René Primevére Lesson, a French naval officer, surgeon, and zoologist, was born Mar. 20, 1794. Lesson was the assistant surgeon on the voyage of La Coquille from 1822 to 1825, which meant, in the tradition of the French navy, that he was also the de facto on-board naturalist. The Coquille was sent around the world, under the command of Louis Isidore Duperrey, with a mission to visit those places that had escaped the attention of the previous French circum-navigation, that of the Uranie (1817-20).
The voyage of the Coquille lasted 3 years, 1822-25, and since the crew remained surprisingly healthy for such a long cruise (no one died of scurvy, which was highly unusual, in fact, no one died of anything, which was truly remarkable), Lesson was able to wear his naturalist hat most of the time, which he did with great enthusiasm. He collected and drew hundreds of mammal, bird, fish, and invertebrate specimens from island groups scattered through Polynesia and Melanesia, as well as from New Guinea and Australia.
Lesson is best known for an observation he made in 1823, when he went ashore in West Papua and saw a bird-of-paradise in the wild. He was the first Westerner to do so. Magellan (or rather his ship) had brought back several specimens in 1521, specimens that lacked feet and bones, which gave rise to the legend that birds-of-paradise spent their entire lives in the air and never set foot on land (which of course they could not do, if they had no feet). Every other specimen that came to Europe from New Guinea in the next 300 years was similarly footless – indeed, the bird’s scientific name was Apoda. Many doubted the legend, but no one could prove it wrong, since no European had seen a bird-of-paradise in its natural habitat. Lesson not only saw birds of paradise with feet, but he brought back specimens that were bipedally endowed. The myth was laid to rest at last (third image).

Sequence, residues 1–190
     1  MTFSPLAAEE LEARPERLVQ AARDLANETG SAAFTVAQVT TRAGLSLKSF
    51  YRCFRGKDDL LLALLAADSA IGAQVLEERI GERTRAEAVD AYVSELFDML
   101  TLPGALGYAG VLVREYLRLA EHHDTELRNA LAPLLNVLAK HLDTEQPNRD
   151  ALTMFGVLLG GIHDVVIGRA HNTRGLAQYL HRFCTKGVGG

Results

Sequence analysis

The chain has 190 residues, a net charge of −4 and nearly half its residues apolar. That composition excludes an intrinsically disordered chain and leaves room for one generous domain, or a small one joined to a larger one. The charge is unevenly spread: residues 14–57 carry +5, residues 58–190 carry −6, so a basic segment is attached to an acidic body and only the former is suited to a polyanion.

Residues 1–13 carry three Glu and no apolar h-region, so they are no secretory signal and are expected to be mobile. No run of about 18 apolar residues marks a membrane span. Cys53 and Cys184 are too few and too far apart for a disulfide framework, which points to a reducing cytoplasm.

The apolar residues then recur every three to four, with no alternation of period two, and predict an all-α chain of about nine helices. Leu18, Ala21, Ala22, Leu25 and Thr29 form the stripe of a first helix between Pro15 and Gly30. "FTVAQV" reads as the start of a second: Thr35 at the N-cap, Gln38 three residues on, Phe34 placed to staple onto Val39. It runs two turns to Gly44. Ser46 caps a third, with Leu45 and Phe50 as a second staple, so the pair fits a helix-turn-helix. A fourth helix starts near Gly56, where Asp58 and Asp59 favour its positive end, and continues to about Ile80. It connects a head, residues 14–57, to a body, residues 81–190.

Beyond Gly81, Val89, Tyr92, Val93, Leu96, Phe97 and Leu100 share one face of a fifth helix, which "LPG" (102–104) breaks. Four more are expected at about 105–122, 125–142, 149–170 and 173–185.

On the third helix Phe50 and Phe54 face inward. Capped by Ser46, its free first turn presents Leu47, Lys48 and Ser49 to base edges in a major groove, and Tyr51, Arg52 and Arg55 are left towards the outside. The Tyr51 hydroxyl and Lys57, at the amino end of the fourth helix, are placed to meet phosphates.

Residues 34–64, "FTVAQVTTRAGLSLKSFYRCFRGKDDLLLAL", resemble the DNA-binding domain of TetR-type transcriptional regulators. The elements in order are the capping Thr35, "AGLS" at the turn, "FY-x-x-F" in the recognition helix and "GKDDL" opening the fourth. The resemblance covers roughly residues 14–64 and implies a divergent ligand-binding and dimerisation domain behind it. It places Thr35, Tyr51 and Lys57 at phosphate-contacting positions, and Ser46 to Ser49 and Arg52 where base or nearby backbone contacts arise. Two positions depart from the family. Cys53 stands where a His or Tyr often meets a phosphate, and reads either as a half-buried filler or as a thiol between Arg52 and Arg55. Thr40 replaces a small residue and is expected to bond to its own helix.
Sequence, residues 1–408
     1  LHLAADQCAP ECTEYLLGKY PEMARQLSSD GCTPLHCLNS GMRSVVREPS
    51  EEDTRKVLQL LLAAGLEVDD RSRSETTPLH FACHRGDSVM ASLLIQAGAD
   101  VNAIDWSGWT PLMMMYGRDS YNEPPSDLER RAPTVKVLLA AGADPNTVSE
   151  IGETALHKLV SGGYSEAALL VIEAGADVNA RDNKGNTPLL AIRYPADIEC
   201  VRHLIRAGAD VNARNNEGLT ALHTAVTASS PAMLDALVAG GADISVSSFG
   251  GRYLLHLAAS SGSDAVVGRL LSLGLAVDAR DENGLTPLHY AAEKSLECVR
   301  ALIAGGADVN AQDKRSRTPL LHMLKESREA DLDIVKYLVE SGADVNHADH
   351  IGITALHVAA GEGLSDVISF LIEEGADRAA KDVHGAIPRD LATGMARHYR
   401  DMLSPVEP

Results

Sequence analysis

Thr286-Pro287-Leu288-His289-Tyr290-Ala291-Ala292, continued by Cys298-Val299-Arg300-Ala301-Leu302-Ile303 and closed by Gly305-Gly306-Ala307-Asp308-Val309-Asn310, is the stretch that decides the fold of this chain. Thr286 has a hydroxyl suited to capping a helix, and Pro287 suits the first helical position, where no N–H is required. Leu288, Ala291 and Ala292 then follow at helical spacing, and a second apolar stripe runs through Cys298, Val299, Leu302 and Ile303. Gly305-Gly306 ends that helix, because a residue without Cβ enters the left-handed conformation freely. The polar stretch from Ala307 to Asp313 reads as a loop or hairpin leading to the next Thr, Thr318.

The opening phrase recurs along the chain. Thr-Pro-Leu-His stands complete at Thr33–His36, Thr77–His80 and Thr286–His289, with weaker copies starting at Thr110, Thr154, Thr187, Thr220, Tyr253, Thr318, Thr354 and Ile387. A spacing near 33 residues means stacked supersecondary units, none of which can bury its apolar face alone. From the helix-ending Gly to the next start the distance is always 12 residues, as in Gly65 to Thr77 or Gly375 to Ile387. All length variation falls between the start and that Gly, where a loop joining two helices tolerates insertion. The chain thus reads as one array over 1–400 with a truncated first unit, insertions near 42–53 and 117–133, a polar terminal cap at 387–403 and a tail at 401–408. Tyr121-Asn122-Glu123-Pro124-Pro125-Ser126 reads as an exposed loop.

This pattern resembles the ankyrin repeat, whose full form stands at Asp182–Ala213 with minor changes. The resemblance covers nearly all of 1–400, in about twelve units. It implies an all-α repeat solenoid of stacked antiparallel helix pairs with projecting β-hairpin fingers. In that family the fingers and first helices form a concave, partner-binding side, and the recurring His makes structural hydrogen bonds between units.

The narrative of the expedition, Voyage autour du monde … sur la corvette de Sa Majeste La Coquille, was published with remarkable speed, the first volume emerging the same year the Coquille returned, in 1825, with most of the volumes, many of them large folios, completed by 1830. Lesson was responsible for the zoology volumes, and the accompanying Atlas is one of the most gorgeous volumes of any scientific voyage ever. Many of the mammals and invertebrates were drawn by Lesson himself, and he showed a real talent for visual composition. We chose to display the Zoology Atlas in our 2009 exhibition, The Grandeur of Life, and the beautiful Portuguese man-of-war you will see there – and here (first image) was based on a Lesson painting. We add also a lovely engraving of sea anemones based on Lesson’s drawings (fourth image).
In 1839, Lesson published his own book on the voyage, with a nearly identical title: Voyage autour du monde … sur la corvette la Coquille, containing many of his drawings that were not included in the official narrative. We exhibited this book as well in The Grandeur of Life, primarily so we could display his remarkably soulful cuscus, an Australian marsupial. Here you can see the complete cuscus (fifth image; we showed only a close-up on the exhibition page), as well as a wombat (sixth image).
Dr. William B. Ashworth, Jr., Consultant for the History of Science, Linda Hall Library and Associate Professor emeritus, Department of History, University of Missouri-Kansas City. Comments or corrections are welcome; please direct to firstname.lastname@example.org.